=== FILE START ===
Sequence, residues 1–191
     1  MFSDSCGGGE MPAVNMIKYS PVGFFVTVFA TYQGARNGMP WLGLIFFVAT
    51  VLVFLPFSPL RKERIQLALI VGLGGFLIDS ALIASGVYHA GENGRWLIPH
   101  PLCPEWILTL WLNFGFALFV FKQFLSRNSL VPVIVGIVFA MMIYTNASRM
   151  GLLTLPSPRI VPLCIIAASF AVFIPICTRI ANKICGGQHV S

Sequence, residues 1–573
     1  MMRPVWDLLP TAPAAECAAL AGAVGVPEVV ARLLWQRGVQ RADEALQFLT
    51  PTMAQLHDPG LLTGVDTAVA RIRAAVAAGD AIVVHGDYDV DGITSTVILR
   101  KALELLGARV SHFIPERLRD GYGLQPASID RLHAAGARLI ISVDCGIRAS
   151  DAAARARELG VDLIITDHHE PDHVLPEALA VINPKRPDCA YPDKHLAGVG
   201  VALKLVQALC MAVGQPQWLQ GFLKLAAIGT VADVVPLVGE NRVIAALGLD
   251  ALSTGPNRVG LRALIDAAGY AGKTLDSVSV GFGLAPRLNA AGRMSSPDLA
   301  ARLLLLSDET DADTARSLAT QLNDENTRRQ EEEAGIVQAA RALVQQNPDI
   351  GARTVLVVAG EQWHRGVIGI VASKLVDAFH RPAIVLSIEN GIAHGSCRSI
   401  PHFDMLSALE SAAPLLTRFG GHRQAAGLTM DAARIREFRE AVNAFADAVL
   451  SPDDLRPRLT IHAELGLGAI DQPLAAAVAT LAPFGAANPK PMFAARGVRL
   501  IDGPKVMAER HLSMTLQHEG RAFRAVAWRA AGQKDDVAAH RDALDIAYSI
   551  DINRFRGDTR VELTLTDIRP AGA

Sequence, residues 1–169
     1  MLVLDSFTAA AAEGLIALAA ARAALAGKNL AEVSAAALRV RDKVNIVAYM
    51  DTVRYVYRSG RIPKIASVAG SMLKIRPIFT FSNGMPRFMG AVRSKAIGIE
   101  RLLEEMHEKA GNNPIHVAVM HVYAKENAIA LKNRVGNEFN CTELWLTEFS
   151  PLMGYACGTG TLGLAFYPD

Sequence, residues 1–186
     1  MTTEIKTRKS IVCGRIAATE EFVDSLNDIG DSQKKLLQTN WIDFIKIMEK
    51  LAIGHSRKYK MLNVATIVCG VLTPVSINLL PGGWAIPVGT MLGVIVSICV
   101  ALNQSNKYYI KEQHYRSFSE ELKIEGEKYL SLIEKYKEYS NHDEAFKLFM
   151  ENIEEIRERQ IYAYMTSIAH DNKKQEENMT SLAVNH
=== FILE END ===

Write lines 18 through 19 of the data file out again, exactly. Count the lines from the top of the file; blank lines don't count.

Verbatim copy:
   551  DINRFRGDTR VELTLTDIRP AGA

Sequence, residues 1–169